Options for the treatment of vasomotor symptoms include lifestyle modification, HT, nonhormonal centrally acting agents, and complementary and alternative medicine. Lifestyle modifications to cope with hot flashes include dressing in layers, adjusting room temperature, and deep breathing and relaxation exercises. Complementary and alternative medical approaches to vasomotor symptoms have generally not been evaluated in well-designed studies or have been found ineffective, so they will not be discussed further here. HT was discussed at length in the previous articles in this supplement, and because of its perceived risks, some women are unwilling to use HT. For these women, and particularly for those with contraindications to HT—especially those with breast cancer treated with medications that promote severe vasomotor symptoms—nonhormonal alternatives for vasomotor symptom treatment clearly are needed. Centrally acting agents show the most promise in this regard.

The rationale for a nonhormonal approach

Development of vasomotor symptoms seems to be related to the withdrawal of gonadotropins and the instability of serotonin and norepinephrine in the hypothalamus.6–9 A small increase in core temperature precedes a vasomotor symptom episode in approximately 70% of women. A narrowing of the hypothalamic thermoregulatory set point is followed by an increasing sensation of intense heat and peripheral vasodilation, leading to an exaggerated response (ie, severe sweating and flashing) to the very small rise in core temperature. This pathophysiology of vasomotor symptoms is the basis for the use of alternatives to HT, such as selective serotonin reuptake inhibitors (SSRIs) and serotonin-norepinephrine reuptake inhibitors (SNRIs).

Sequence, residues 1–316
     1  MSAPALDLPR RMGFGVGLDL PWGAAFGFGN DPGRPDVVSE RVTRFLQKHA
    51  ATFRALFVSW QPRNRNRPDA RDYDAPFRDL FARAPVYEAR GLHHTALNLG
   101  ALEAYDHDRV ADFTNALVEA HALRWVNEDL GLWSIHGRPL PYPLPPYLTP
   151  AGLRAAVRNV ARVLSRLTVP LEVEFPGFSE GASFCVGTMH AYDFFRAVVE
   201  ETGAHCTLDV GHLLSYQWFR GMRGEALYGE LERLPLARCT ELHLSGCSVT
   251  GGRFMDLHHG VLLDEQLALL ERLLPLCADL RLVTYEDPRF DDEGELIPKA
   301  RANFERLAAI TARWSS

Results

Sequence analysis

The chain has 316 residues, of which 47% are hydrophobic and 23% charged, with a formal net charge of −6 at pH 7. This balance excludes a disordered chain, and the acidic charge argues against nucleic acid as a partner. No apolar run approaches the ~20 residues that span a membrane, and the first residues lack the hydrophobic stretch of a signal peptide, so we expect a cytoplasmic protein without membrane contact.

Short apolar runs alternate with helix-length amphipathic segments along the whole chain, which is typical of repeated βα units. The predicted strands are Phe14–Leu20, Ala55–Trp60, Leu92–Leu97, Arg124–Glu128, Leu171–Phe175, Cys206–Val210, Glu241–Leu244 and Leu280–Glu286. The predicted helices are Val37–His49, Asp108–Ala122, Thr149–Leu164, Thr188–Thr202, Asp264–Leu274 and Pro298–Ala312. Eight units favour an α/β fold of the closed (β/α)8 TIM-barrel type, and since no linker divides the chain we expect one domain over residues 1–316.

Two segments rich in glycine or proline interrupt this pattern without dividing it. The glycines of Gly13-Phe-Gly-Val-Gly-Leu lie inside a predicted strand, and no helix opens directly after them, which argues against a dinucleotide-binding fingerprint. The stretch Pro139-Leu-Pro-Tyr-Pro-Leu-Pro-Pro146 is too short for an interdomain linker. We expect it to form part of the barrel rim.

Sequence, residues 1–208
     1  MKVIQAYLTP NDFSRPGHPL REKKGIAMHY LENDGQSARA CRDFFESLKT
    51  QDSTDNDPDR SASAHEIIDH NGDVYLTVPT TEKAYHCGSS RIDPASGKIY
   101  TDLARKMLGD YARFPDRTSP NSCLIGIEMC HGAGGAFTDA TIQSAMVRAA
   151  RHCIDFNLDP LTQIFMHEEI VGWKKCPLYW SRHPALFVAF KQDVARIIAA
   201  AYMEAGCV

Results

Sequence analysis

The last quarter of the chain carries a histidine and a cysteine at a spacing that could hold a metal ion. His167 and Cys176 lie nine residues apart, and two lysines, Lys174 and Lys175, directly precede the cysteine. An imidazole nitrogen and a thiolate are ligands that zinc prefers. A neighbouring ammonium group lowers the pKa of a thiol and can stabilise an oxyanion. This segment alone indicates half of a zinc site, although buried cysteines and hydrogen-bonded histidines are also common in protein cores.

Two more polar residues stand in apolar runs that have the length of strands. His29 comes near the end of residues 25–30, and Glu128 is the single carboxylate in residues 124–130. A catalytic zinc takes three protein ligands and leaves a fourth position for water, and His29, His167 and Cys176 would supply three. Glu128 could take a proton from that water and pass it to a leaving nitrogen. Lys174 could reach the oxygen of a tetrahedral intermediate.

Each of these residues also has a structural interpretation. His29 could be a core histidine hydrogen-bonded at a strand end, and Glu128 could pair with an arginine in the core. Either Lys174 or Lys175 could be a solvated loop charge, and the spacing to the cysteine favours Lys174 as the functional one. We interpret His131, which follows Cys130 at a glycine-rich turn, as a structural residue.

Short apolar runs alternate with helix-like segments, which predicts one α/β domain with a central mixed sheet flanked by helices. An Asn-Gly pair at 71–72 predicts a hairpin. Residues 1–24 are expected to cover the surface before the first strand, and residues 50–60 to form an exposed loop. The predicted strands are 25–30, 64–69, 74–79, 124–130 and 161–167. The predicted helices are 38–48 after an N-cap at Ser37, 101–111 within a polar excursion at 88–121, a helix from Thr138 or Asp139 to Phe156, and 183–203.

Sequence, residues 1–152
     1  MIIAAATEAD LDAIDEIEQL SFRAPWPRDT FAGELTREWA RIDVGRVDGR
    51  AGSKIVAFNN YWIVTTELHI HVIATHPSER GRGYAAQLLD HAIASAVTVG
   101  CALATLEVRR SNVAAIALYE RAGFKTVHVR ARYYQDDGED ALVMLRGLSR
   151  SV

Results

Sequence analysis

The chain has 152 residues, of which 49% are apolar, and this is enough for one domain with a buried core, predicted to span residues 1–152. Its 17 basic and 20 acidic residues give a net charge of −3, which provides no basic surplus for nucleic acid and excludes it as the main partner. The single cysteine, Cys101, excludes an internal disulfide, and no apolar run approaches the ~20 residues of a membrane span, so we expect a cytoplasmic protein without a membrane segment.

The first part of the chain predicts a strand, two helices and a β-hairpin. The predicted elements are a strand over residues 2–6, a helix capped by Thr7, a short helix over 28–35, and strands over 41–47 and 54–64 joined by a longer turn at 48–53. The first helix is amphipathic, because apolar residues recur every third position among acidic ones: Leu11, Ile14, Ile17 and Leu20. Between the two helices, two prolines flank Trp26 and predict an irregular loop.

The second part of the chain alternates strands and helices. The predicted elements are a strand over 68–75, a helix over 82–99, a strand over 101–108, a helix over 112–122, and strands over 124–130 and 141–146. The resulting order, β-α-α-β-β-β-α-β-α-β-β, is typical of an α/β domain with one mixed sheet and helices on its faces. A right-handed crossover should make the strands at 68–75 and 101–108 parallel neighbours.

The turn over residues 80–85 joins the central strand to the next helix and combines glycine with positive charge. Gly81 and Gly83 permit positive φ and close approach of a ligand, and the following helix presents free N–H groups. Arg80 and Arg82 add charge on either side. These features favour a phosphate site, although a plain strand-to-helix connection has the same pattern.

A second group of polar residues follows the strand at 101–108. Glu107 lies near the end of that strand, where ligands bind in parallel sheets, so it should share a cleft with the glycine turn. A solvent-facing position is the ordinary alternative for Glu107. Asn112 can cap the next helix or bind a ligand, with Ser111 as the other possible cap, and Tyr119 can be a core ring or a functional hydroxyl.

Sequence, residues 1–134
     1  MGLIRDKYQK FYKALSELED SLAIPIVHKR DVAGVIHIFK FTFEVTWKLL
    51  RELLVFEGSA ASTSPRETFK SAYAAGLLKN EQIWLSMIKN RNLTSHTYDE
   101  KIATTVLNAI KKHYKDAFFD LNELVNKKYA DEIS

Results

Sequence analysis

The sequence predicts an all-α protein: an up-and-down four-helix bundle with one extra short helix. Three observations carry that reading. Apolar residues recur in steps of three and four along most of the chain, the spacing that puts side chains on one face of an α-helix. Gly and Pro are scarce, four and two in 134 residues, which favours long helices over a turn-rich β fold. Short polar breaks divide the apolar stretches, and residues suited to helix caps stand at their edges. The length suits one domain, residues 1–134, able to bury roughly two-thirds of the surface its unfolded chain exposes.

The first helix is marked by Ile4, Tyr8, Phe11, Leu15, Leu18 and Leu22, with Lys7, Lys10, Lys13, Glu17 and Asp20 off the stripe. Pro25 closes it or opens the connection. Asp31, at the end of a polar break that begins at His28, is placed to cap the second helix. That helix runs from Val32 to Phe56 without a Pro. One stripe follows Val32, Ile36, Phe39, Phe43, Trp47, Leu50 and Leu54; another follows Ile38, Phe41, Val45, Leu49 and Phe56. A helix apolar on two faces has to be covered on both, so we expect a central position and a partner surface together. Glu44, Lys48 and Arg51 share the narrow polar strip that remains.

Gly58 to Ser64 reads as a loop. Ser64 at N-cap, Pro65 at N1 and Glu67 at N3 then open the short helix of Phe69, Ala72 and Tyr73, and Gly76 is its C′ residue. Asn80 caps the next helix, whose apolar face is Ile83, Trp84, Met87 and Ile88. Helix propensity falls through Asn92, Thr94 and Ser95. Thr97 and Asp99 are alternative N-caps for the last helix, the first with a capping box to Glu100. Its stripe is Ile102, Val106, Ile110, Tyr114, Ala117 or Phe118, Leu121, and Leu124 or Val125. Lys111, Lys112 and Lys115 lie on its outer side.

In general, studies of nonhormonal pharmacologic agents are limited by small numbers of patients, short duration of therapy, and high placebo response rates (Table 1). Because of a lack of head-to-head trials, the relative efficacy of nonhormonal therapies cannot be determined at this time. As with HT, a dose-response relationship with respect to efficacy and side effects has been observed with nonhormonal therapies.


Next Article:

Case studies and clinical considerations in menopausal management